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It was some 20 years ago that I ran across a solitaire gambling for the computer that provided a new twist: After you finished playing your hand of Klondike cards are dealt out in seven columns and were awarded a score, nine just click for source players would play the same duplicate deck of cards to see if they could best the human player.
The game, Klondike Delightful, was delightful on a gold-rush theme. There were six hands of Klondike in a match, with players awarded points at the end of each hand. Human players who finished in the top three were awarded gold nuggets. Accumulate enough nuggets, and the human player moved up a level.
The nine computer players started out pretty sloppy on the lower levels. As the name implies, she would take one read more through the deck and stop.
A lot of readers loved "KPro," as Klondike Pro was called. More than one has chided me for ever showing them the game. More than one has labeled it as "addictive. It was delightful programmed, well thought out and easy to learn. Nearly everyone knows how to play Klondike solitaire. Sadly, KPro might fade away one the man who designed and programmed it: Brooke Boering. The nine computer players all had names, and a short biography card by Boering.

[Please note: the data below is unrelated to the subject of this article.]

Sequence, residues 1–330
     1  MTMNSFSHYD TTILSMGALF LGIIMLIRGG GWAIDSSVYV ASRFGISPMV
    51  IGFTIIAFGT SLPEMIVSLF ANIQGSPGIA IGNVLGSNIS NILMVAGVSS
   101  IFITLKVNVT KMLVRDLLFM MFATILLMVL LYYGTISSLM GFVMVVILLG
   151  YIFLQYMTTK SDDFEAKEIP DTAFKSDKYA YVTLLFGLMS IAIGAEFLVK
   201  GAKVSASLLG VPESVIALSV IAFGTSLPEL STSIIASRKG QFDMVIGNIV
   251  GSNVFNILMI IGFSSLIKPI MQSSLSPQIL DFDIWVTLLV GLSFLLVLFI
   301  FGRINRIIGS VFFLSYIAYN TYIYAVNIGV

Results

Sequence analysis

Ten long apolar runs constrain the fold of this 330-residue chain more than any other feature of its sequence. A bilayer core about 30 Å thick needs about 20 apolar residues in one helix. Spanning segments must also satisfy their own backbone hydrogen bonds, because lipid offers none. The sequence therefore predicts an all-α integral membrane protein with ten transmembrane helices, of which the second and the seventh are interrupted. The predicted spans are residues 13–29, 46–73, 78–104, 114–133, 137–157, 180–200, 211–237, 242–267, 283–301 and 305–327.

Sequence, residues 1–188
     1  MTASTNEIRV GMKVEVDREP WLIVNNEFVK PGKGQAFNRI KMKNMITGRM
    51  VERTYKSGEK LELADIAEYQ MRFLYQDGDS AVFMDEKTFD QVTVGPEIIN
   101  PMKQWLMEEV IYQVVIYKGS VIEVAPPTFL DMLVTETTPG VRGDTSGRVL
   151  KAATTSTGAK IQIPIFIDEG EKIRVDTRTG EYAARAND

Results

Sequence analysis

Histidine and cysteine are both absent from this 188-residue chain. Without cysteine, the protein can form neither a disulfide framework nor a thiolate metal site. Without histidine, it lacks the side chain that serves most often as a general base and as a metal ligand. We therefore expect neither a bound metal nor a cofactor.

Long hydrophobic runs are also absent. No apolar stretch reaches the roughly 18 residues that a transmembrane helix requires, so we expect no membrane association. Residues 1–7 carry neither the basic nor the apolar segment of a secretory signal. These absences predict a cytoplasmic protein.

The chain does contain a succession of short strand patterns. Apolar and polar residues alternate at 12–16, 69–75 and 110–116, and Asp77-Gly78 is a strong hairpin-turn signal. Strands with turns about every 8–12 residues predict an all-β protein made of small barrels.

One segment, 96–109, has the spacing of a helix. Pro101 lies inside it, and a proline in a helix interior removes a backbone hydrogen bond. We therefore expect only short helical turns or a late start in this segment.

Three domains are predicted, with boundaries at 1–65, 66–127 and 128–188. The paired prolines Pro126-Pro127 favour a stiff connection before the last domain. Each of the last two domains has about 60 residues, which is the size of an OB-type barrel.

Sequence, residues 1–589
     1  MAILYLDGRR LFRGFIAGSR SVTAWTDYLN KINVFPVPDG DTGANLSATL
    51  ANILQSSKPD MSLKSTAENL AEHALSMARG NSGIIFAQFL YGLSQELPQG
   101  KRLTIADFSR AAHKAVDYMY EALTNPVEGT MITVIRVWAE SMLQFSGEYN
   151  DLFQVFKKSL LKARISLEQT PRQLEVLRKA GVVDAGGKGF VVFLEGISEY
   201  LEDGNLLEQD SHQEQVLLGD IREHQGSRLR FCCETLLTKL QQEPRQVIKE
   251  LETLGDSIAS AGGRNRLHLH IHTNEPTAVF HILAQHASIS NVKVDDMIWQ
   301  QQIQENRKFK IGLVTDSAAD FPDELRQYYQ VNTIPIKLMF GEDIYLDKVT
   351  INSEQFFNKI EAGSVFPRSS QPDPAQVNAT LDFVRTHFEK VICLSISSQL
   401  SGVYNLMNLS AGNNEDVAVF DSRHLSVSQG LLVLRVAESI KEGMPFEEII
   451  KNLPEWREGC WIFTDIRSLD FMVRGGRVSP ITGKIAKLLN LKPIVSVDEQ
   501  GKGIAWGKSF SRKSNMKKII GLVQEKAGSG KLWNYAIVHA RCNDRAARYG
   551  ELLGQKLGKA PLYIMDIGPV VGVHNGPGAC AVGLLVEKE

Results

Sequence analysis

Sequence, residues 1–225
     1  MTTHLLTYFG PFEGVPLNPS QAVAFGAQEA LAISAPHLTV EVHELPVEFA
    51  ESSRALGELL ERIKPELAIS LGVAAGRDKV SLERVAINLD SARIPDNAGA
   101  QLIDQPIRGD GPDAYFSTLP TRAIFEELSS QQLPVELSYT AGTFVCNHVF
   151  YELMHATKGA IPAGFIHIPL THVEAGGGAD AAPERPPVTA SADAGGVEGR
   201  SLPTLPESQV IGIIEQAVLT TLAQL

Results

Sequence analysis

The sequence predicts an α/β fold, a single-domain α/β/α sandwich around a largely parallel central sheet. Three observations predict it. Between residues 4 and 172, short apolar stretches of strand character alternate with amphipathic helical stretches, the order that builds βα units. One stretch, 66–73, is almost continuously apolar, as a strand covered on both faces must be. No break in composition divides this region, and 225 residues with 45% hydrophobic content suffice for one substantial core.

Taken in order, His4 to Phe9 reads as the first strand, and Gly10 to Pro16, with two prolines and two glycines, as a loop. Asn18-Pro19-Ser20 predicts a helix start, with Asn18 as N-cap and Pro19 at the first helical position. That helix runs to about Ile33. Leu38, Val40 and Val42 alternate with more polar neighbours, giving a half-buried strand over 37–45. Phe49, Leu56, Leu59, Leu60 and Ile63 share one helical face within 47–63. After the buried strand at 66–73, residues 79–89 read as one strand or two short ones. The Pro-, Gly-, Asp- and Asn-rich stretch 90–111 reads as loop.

One of the game's one features: After the players played their games, the human one could click on any of them and see how that player played every card in his or her hand.
And the human could click on his or her own game to review it for any plays missed. Amazingly, when you'd thought you played everything perfectly, the review would show a missed play that proved crucial.
In the card part ofBoering's email responses were a games longer in coming. Earlier this year, when I searched the web, I found his obituary online.
There was also no mention of KPro. Boering had maintained a website over the years where Klondike Pro could be downloaded. At first, he charged a fee to unlock click here and reach the higher levels. The last several years, it was a free download. It ran under Windows 3. Boering didn't want to make the effort to convert the program for today's computers. So even when it's up and running on a modern gambling, the game's graphics games that retro look because, well, they're 20 years old.
As you might imagine, getting KPro up and running on today's computers takes a good deal of understanding, as well as plenty of patience and experimentation. For those with some background, an card file of KPro can be found on the Abandonia website www. Games then have to download DOSBox and mesh the two programs together.
It is not for the inexperienced. I write this as a last tip of the hat to a well-constructed computer game. I write in hopes that some Boering-like programmer possibly will think it's good enough to dress up and modernize.
Digital access or digital and print delivery. Brooke Boering. May he rest in peace. Klondike Pro. May it find new life in front of a new audience. Contact Lonnie Brown at ledgerdatabase aol. Site Archive.
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